BMW SA has pumped R160 million into its Rosslyn plant as it prepares to begin production of the group’s fastest-growing model and discontinue production of the popular 3 Series early next year.
During the official launch of the 2018 BMW X3 model that is set to be produced, Tim Abbot, chief executive of BMW SA said the expansion – which includes a new training centre – would increase the plant’s capacity from 71 000 units to 76 000 units, a 10% increase.
Abbot said the move was in line with the global car sales trend which showed that more people were buying sports-activity and sports-utility models, making BMW’s X models the fastest-selling range in the group.
“In 2016, more than 30% of all BMWs sold globally were X models,” he said.
BMW X models, part of the brand’s sports activity vehicle range, accounted for more than 30% of total global sales for the brand last year while the BMW X3 accounted for almost a quarter, at 24%.
The plant, which was established in 1973, would be one of three X3-specific plants across the group’s entire network – the other two were in China and the US – and will also be producing the proudly South African BMW X3 for the local and international market, with one of the biggest overseas targets being Germany, the brand’s home country.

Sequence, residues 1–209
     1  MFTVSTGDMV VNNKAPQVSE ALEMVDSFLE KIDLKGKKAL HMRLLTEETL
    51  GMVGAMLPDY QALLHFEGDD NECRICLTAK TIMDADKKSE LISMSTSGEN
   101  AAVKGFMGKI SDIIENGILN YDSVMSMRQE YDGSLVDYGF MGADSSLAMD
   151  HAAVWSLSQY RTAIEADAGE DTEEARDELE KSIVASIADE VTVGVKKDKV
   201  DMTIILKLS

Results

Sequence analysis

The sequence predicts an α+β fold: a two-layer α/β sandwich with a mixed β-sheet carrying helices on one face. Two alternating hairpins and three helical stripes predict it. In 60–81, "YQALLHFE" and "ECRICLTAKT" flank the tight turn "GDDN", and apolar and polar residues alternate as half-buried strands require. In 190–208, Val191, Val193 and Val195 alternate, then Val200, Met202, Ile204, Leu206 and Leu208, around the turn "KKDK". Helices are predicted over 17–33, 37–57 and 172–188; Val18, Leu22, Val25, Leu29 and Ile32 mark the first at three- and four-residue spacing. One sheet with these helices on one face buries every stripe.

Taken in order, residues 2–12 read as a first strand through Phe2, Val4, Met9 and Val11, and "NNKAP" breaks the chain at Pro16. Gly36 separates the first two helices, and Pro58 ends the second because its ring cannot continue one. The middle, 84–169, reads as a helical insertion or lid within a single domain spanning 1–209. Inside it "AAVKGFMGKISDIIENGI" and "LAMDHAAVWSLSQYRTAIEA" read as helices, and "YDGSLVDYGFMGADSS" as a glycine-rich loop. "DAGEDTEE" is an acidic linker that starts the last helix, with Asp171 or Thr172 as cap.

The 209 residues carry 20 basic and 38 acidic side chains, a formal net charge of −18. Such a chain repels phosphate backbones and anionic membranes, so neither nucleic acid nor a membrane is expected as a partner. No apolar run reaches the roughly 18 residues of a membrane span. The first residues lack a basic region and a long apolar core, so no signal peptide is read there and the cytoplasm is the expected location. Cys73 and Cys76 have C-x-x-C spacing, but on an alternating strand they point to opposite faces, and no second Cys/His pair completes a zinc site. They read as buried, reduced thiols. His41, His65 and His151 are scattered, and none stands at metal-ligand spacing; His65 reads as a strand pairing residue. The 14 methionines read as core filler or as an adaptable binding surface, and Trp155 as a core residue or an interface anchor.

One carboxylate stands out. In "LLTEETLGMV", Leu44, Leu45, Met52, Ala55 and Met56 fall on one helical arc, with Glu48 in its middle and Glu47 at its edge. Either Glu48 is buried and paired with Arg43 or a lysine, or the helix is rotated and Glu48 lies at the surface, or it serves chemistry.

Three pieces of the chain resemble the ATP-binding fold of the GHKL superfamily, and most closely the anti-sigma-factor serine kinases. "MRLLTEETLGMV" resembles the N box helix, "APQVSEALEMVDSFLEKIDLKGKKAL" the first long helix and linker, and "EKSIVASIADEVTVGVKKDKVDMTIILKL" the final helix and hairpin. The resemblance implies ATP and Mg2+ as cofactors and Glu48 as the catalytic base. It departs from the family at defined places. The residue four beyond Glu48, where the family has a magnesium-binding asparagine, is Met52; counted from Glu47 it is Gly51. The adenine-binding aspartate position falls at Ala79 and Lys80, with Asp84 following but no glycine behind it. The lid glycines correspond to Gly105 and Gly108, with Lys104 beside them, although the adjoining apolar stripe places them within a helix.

The model will also be exported to Belgium, Italy, Austria, Portugal, Malta, Sweden, France, Greece, Croatia, Slovenia, Denmark, the United Kingdom and Spain.
Speaking to City Press, Abbott said no jobs would be lost despite bringing the facility’s increased use of robots. In fact, more jobs might be created, he said, but not directly by the company.
“We will produce more jobs. We can’t say how many. The car is more complex and therefore we aren’t [decreasing] the number of jobs here in Rosslyn,” he said.
Abbot said the plant would also use a higher number of local suppliers.
“If you look at the whole network with the dealer network as well, we have about 40 000 people who are reliant on BMW being here,” he said adding that there was definitely a significant increase of local component supply.
Though the move was most likely going to affect the retail price of the 3 Series – because these vehicles would all be imported – BMW said the company could not tell how the price would be affected.
Abbott said the production of the next generation BMW 3 Series had been allocated to a plant in Munich and a new plant in Mexico.
Retail pricing would be affected by a number of factors, including currency fluctuations.
“Please appreciate that we are not able to confirm the percentage difference between the current generation and the next generation BMW 3 Series in advance. We will communicate this closer to the time of the local market launch,” Lynette Kamineth, BMW SA spokesperson said.